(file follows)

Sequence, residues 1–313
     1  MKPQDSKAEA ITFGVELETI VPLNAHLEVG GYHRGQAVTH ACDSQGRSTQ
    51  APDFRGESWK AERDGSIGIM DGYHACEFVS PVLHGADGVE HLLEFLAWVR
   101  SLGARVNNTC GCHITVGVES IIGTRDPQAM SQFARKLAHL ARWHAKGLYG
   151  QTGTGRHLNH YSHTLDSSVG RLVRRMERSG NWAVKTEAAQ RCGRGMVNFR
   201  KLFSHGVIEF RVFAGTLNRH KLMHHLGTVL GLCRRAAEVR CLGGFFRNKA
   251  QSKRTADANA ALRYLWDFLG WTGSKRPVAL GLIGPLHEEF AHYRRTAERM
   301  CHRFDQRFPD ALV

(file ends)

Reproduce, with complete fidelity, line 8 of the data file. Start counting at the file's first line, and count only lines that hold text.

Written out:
   301  CHRFDQRFPD ALV